Variations for Bassoon and Strings by Antonin Reicha who lived from 1770 to 1836 was again a venture into the unknown.   Superbly played by Ian Morin whose list of achievements exceed the capacity of this journal, it amazed, amused and delighted in equal measure.

Kyrsten Chambers plays the piano to concert standard.   She plays the harpsichord to concert standard and she sings like an angel!   Her mezzo rendering of Vivaldi’s aria Gelito in ogni vena from Farnace was athletic, vibrant and thrilling.   It begins “I feel my blood like ice coursing through every vein”.   We got the feeling!


Anthony Hose began playing the piano at the age of three.   He has studied piano, harpsichord, clarinet and double bass as well as, of course, conducting.   An ex-professor of music at the Royal College of Music – his alma mater – and the Royal Academy of Music, he has conducted orchestras throughout Europe and America and has some 90 operas in his repertoire.

His contribution to the musical life of Stetson University since his appointment there in 2000 is something in which we shared his wholly justified pride.

Next season’s programme will shortly be on the website.

That music of this quality is available on your doorstep is amazing.   Come along and share.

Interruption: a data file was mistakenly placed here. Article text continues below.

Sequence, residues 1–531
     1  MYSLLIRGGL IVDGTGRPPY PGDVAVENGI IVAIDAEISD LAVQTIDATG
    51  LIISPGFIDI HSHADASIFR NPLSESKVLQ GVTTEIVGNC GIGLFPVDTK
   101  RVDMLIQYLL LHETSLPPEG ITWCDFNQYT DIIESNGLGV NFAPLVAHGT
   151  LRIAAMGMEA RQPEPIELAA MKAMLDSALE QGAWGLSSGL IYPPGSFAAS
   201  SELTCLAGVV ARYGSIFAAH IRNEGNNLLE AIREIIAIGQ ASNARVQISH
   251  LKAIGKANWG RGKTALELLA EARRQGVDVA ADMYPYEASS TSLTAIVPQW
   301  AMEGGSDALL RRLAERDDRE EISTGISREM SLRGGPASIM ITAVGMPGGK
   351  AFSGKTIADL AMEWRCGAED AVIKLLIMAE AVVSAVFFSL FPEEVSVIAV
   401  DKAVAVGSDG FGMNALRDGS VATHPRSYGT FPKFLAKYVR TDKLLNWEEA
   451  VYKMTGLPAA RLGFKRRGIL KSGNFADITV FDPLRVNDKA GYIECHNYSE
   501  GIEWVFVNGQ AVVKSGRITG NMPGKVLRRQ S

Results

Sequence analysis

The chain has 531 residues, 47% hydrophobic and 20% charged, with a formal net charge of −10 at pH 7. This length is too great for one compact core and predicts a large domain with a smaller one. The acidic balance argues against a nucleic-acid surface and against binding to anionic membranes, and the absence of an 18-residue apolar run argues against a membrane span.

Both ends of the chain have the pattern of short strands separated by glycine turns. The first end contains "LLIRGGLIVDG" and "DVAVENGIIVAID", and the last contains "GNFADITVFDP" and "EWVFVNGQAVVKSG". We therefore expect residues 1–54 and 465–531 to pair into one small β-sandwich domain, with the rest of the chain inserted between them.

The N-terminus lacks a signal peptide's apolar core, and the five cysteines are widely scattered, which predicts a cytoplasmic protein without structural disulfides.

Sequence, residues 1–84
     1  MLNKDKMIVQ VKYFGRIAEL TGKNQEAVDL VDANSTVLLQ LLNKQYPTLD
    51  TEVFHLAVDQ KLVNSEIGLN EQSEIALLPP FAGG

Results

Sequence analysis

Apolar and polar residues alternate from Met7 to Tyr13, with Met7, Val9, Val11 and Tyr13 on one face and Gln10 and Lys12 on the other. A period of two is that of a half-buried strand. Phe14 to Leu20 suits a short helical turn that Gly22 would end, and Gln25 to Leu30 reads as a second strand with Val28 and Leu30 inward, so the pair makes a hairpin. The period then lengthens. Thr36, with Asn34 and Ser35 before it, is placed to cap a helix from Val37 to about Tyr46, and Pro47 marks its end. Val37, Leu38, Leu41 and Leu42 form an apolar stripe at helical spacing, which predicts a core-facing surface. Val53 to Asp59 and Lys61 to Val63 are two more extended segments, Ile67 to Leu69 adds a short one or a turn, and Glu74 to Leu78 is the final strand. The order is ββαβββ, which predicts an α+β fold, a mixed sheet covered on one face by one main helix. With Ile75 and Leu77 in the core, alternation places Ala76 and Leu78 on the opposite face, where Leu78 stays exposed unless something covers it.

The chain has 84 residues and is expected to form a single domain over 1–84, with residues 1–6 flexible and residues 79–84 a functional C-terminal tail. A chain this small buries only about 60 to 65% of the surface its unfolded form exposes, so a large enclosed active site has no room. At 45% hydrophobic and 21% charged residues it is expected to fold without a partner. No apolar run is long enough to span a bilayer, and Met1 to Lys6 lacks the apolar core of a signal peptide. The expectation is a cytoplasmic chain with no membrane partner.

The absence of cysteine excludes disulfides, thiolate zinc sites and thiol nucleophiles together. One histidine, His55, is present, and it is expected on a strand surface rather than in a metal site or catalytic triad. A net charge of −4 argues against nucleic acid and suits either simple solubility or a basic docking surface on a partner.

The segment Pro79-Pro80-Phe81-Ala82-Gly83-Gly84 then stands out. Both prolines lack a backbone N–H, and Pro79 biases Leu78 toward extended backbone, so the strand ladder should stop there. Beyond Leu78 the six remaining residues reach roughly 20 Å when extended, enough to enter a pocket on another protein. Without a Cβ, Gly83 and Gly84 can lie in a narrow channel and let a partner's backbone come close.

Review by Malcom Cotterill

Grace, charm and brilliance

All these were present in abundance on the evening of Saturday 18th April, when internationally renowned ‘cellist Natalie Clein mesmerised a capacity audience in St Andrew’s Church.

On an instrument made by Guadagnini in Turin in 1777 (known as “the Simpson”) she drew the intricacies, complexities and delights of the Bach Suites for solo ‘cello numbers 3, 5 and 4 in that order.

They were probably written before 1720 and perhaps for an instrument quite different from the predecessor to the ‘cello, the viola da gamba.   What precisely Bach had in mind and for what and for whom remains the subject of scholarly dispute since no original Bach manuscript exists.   However we can be pretty sure that his second wife who wrote out the manuscripts probably got it right!   (Some commentators even think she may have written them!)

They were very little performed before Pablo Casals found, at the age of 13, a copy of the manuscript in a junk shop in Barcelona.   He popularised them and was still practising them shortly before his death at 96 “Because I think I’m improving”.

It is difficult to contemplate Natalie Clein’s improving – such is her pre-eminence in her field – but she is clearly in the Casals’ mould in commitment and, in the view of many, his master in brilliance.

All the Suites follow a similar pattern proceeding from prelude to allemande to courante to sarabande to bourée or gavotte and to final gigue – every element demanding technical brilliance and emotional immersion.   The audience was almost overwhelmed by these qualities so delightfully demonstrated by the artiste who, though only 38, has achieved international fame.   Between Germany the week before and Austria the following week Natalie found St Andrew’s acoustics and ambience and the appreciation of Curry Rivel Music’s supporters a worthwhile outlet for her talents.

Review by Malcom Cotterill